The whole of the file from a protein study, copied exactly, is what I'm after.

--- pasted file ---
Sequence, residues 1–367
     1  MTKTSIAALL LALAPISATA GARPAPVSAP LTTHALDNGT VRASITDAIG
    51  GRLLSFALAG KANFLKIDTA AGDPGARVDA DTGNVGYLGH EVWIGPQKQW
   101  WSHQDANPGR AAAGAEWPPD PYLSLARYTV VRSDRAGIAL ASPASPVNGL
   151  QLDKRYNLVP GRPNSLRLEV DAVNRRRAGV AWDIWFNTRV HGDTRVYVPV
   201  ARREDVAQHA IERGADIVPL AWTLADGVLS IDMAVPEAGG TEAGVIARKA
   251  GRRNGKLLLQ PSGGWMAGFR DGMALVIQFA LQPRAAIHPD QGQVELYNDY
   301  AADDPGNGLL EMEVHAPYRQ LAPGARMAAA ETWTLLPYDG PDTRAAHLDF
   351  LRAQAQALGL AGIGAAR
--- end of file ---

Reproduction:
Sequence, residues 1–367
     1  MTKTSIAALL LALAPISATA GARPAPVSAP LTTHALDNGT VRASITDAIG
    51  GRLLSFALAG KANFLKIDTA AGDPGARVDA DTGNVGYLGH EVWIGPQKQW
   101  WSHQDANPGR AAAGAEWPPD PYLSLARYTV VRSDRAGIAL ASPASPVNGL
   151  QLDKRYNLVP GRPNSLRLEV DAVNRRRAGV AWDIWFNTRV HGDTRVYVPV
   201  ARREDVAQHA IERGADIVPL AWTLADGVLS IDMAVPEAGG TEAGVIARKA
   251  GRRNGKLLLQ PSGGWMAGFR DGMALVIQFA LQPRAAIHPD QGQVELYNDY
   301  AADDPGNGLL EMEVHAPYRQ LAPGARMAAA ETWTLLPYDG PDTRAAHLDF
   351  LRAQAQALGL AGIGAAR